Museum on Wheels in Kępno, Poland (2015). Photo taken by Filip Basara for the Museum of the History of Polish Jews POLIN. Used with the permission of the Museum.
“Digital Media and Social Memory” is the theme of the latest issue of WACC’s journal Media Development.
As the editorial notes, “Traditional media and other social institutions are giving ground to digital technologies and social media with a consequent revaluation of how public memory is represented and conserved.”
It is important, therefore, to test some of the assumptions made about digital media and, in particular, to tease out potential implications for the way society sees itself, records itself, and remembers itself. That is the focus of this issue of Media Development.
The editorial points out that, “Today, public statements that lay claim to a particular status or existence, and the public forms of communication that maintain them, have been appropriated by digital technologies that seem to be shifting the nexus of power from the monopoly of authority (political or social) to that of the social collective or, indeed, of the ordinary person, either of which can effectively challenge, make counter-claims, and organise in opposition.”
In “Go-ogle: Gender and memory in the ‘globital’ age”, Anna Reading explores how throughout history the cultural memory of women and girls is often erased, side-lined in ways that those of girls and women are not.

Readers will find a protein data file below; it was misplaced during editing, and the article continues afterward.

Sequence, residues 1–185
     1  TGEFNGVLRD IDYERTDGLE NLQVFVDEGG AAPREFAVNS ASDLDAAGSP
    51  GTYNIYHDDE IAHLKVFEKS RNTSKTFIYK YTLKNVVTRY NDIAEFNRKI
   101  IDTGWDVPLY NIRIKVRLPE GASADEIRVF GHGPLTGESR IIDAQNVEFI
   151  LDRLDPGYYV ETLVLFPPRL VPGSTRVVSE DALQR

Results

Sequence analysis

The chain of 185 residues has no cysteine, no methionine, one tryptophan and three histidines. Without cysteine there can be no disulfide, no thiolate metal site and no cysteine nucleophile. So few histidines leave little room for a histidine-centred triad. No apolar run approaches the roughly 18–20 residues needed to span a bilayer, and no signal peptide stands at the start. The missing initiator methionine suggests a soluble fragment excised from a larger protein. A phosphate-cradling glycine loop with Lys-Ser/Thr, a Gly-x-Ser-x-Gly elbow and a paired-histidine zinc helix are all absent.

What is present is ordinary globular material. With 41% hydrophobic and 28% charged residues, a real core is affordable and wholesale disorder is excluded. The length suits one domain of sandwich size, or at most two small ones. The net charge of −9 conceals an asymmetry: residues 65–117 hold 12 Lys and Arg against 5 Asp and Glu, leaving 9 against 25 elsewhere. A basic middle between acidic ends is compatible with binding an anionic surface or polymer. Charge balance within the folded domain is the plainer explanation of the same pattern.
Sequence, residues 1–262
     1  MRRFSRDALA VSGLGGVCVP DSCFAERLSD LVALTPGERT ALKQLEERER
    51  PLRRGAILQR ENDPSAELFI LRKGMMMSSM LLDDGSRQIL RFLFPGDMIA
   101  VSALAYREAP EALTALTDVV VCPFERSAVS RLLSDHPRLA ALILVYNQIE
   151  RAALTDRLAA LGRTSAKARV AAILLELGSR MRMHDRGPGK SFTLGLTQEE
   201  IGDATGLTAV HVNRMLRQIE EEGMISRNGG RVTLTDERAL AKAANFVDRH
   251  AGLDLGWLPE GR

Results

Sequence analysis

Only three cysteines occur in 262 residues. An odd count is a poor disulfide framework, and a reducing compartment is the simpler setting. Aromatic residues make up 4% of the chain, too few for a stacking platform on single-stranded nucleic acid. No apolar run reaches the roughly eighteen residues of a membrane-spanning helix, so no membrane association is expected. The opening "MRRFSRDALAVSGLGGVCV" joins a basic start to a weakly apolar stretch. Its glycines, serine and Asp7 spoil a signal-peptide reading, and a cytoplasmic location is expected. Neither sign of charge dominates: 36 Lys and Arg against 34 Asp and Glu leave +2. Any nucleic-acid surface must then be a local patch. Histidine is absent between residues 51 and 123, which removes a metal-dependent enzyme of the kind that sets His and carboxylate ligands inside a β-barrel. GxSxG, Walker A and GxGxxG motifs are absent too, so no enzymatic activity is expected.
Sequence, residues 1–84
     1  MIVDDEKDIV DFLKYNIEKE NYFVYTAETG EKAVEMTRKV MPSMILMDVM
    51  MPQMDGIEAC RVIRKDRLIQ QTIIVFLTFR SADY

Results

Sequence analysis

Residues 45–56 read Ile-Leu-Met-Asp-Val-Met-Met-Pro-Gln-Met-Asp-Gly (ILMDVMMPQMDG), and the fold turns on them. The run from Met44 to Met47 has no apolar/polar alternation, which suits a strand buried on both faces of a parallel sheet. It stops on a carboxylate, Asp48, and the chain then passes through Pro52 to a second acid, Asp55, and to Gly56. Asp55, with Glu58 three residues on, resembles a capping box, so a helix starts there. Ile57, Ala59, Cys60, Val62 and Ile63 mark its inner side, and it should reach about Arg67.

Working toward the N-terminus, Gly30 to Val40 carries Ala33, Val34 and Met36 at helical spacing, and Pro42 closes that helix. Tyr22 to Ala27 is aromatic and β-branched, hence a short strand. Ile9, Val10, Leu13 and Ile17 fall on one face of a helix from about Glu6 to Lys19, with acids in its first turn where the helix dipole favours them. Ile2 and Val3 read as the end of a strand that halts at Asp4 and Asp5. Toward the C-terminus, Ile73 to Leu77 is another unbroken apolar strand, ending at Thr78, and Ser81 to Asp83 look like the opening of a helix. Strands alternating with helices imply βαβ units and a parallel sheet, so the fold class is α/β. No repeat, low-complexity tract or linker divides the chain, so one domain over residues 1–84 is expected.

She argues that, “This creates new challenges for gender equality and for media development. It also creates new possibilities for different kinds of gendered memories to be activated and mobilized to make a difference.”
In “Asylum seekers, new media, and society’s memory”, Noam Tirosh explores how contemporary media grant asylum seekers with new powers and capabilities to share their stories and to gain “voice” in the public sphere.
He notes that, “Contemporary media’s capability to voice individual asylum seekers blurs the distinction between individual memory and ‘collective’ or ‘cultural’ versions of society’s memory.”
An unusual aspect of the memory debate is tackled by Colin Harvey in “Video games, transmedia, and cultural memory”. He suggests that video games are eminently capable of remembering accurately and engaging seriously with difficult subject matter.
Harvey writes, “As the medium matures, video games set in the geographical arenas and historical epochs in which atrocities occurred but which do not engage with the realities of those atrocities might start to be accused of a sin of omission, of deliberately non-remembering.”
Other articles include “Digital narratives: me, us, and who else?” by Karen Worcman; “Museums that travel” by Aleksandra Kubica; “The political economy of historical digital games” by Emil Lundedal Hammar; “It’s Time … a speech that shaped a life and Australia” by Asha Chand; and “The Meaning of Life”, a report from the Locarno Film Festival 2017 by Robert K. Johnston.
The next issue of Media Development (1/2018) will include articles in preparation for the sixty-second session of the Commission on the Status of Women, which takes place 12-23 March 2018.
The CSW’s priority theme is “Participation in and access of women to the media and information and communications technologies and their impact on and use as an instrument for the advancement and empowerment of women”.
For further information and how to subscribe, visit the journal’s home page.